b. The picture is an arrangement of (geometrical) forms: ways easy to grasp.
circles, squares, rectangles. Shade as a countable noun refers to degree or intensity of
In this sense, however, shape is more common, at least colour (оттенок).
with the general public. The picture is painted entirely in varying shades of blue,
ranging from the very pale blue, almost white, of the sky, to
Composition the dark blue, almost black, of the ship.
Composition means how the various elements of the pic- Tint may be a synonym of shade. For example, the Shorter
ture are arranged (композиция). Oxford English Dictionary (SOED) gives the phrase autumn
The composition of the picture is very striking. tints of brown and gold. However, it is used especially with
When talking about the composition of a picture, we need reference to pale and delicate shades, and this use is given
the following expressions: separately in the SOED as a technical term of painting:
in the foreground/background, a grade of colour; spec. a mixture of a colour with white
off centre. The following sentence illustrates a more specialised use:
The tree is deliberately off centre. Renoir excelled at flesh tints.
in the centre foreground/background Tint is also used as a verb, meaning “to give a tint to, to
on/to the right/left (of the picture) colour, especially with a pale and delicate shade”.
in the left foreground/background A tinge is a slight shade of colour, especially one modify-
at the top/bottom ing the basic colour.
in the right foreground/background The sky is grey with a tinge of pink.
in the top/bottom left/right-hand corner background Tinge is also a verb.
in the centre/middle (of the picture) The sky is tinged with pink.
Composition may also be used countably to mean a pic- Tone may also be used in the sense of shade. For example,
ture, considered from the point of view of its composition. Hornby gives the phrase a picture in warm tones, explaining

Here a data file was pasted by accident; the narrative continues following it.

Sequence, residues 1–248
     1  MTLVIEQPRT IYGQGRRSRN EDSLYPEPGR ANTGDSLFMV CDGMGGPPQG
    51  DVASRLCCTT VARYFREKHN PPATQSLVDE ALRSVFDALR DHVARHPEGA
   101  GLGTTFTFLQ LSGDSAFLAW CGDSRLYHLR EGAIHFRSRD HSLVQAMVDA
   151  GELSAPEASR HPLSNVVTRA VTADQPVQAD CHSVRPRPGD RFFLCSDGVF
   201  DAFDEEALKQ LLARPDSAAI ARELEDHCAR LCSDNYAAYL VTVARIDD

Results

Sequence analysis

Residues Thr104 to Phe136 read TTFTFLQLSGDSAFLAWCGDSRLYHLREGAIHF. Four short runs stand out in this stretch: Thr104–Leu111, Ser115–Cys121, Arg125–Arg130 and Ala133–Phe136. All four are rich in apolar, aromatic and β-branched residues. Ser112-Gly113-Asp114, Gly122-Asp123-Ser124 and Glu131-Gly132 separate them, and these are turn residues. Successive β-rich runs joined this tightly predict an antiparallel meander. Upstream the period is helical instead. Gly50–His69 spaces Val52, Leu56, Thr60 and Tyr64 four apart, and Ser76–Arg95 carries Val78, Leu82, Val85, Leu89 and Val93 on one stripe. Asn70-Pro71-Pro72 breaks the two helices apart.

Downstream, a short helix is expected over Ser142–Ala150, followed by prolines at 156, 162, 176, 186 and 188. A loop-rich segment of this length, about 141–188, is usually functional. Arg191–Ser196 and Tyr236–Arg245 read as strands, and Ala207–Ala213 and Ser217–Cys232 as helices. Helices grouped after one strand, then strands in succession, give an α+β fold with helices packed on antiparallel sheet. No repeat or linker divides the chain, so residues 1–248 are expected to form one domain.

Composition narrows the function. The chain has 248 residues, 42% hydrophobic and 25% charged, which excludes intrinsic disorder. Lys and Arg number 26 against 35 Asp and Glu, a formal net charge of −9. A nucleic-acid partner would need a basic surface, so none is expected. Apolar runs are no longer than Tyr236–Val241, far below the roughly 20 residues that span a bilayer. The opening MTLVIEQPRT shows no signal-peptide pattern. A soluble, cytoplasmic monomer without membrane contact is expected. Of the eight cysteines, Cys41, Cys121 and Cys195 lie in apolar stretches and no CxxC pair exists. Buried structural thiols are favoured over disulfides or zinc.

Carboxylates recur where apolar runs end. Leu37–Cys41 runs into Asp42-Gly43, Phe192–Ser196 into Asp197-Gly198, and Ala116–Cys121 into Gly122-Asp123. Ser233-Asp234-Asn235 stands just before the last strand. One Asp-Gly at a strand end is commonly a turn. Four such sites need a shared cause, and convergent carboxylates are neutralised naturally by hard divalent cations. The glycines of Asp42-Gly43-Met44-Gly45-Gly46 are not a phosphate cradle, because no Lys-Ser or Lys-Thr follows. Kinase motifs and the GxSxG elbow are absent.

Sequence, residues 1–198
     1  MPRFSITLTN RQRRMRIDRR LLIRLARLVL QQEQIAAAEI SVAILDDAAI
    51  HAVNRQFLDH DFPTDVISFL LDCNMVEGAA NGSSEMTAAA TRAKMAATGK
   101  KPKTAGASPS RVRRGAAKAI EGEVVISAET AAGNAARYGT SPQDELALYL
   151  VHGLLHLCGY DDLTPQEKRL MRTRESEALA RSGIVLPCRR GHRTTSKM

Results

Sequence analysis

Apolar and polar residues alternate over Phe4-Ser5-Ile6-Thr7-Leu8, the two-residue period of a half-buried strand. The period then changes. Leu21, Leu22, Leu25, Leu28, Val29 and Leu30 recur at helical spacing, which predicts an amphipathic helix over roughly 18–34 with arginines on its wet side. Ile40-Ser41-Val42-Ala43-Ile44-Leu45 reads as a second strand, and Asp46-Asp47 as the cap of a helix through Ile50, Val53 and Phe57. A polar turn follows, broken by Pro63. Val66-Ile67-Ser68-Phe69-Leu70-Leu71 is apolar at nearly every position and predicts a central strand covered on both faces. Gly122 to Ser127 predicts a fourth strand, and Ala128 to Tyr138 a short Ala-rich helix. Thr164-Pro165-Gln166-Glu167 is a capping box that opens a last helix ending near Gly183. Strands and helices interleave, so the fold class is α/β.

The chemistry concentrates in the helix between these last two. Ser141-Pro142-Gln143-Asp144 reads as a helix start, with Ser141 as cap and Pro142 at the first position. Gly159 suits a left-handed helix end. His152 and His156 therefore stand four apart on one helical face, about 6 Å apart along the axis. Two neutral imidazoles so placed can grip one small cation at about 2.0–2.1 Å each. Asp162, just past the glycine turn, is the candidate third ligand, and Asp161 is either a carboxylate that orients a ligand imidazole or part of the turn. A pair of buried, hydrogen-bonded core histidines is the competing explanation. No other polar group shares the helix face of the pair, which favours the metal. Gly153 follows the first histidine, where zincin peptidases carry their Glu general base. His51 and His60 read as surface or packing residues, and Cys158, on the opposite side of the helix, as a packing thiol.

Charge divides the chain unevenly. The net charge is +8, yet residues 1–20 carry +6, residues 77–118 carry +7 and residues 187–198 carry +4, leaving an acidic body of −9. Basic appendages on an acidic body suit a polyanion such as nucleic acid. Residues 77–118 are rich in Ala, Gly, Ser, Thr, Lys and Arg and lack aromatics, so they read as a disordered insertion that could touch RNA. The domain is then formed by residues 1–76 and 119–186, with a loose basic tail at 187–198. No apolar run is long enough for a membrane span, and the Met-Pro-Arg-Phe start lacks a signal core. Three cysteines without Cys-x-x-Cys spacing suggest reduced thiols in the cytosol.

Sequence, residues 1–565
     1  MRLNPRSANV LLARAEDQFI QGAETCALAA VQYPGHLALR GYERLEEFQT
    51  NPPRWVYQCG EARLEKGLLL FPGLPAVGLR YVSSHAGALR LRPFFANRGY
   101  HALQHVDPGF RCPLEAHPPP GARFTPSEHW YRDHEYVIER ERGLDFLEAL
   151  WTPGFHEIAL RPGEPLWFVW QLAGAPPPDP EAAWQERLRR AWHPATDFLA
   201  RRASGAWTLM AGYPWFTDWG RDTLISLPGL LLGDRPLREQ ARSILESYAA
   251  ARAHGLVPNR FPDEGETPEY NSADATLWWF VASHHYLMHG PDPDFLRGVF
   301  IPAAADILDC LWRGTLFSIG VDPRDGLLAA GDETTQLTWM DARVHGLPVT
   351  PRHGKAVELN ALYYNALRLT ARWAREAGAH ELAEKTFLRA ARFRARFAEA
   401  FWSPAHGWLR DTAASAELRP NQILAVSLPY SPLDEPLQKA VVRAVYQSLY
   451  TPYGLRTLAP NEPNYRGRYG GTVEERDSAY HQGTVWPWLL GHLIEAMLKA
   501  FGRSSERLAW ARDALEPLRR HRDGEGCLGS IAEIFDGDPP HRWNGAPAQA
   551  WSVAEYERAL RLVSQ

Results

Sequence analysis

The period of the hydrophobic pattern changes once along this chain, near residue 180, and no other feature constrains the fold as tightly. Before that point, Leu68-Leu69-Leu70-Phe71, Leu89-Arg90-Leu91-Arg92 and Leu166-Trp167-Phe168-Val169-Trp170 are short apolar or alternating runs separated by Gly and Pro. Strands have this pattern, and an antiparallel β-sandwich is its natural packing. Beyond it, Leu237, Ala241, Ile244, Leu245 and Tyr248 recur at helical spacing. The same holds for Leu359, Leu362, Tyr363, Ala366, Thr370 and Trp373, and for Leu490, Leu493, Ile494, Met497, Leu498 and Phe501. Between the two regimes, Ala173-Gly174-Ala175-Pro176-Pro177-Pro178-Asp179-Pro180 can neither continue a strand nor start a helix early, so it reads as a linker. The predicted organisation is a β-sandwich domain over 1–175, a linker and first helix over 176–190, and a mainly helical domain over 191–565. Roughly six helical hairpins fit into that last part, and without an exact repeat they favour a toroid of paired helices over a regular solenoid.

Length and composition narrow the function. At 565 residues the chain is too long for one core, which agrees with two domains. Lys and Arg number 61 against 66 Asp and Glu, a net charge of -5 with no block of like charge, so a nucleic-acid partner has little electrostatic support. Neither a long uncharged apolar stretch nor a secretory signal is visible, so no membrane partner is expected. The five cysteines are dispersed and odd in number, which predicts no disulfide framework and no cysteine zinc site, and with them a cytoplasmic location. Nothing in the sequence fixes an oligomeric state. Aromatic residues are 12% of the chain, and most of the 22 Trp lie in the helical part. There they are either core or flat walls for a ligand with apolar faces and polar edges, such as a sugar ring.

It is a large composition of the estuary of the Thames. it as “in shades suggesting warmth”.
However, it also has a slightly different sense, defined in
Colour, Colouring, Colourist the SOED as follows:
Colour is used uncountably in such sentences as: “The prevailing effect of the combination of light and
a. He has a wonderful sense of colour. shade and of the general scheme of colouring, in a painting,
b. He uses colour very effectively. building, etc.”
c. The Impressionists produced canvases where lightness This sense can be illustrated as follows:
and intensity of colour expressed perfectly the luminosity Turner and the Romantic painters were sometimes called
and brilliance of nature bathed in sunlight. the white painters by followers of the classical tradition be-
METHODS OF TEACHING English
cause of the light tones of their pictures. These contrasted
strongly with the traditional dark tones of the classical
school.
Hue is used occasionally to mean a colour or shade of col-
our, mainly in poetic language, although sometimes simply
11February 2015

for stylistic variety in formal situations.


These two words are often used together to denote the d. Death is portrayed as an old woman.
lighter and darker parts of a picture, that is, those parts which e. The famous writer is portrayed sitting at his desk.
are represented as illuminated, and those represented as lack- Represent also occurs in some such cases, but is com-
ing illumination. paratively rare.
a. The light and shade in the folds of the woman’s dress is
skillfully rendered. Render, Catch, Capture
b. There are some beautiful effects of light and shade. Render is used in the sense of “reproduce by artistic
Light and shade effects. means” generally with an adverbial modifier.
Note that shade, not shadow, is used here. The usage of a. The painter has rendered the child’s expression of wonder
these two words coincides in some cases, but the general ten- very well.
dency is as follows: b. Degas effectively renders the atmosphere of the ballet.
Shade is most often used uncountably to denote an area of c. The Impressionists wanted to render as truthfully as pos-
relative darkness, whereas shadow is most often used count- sible the effects of sunlight.
ably to denote a dark shape thrown on the ground, floor, a Catch and capture occur in a similar sense, usually with-
wall, etc. by, for example, a person, a tree, a building. out an adverbial modifier.
Shade is also used as a verb, meaning to darken with par- a. I have caught the effect I wanted – the half-parted lips,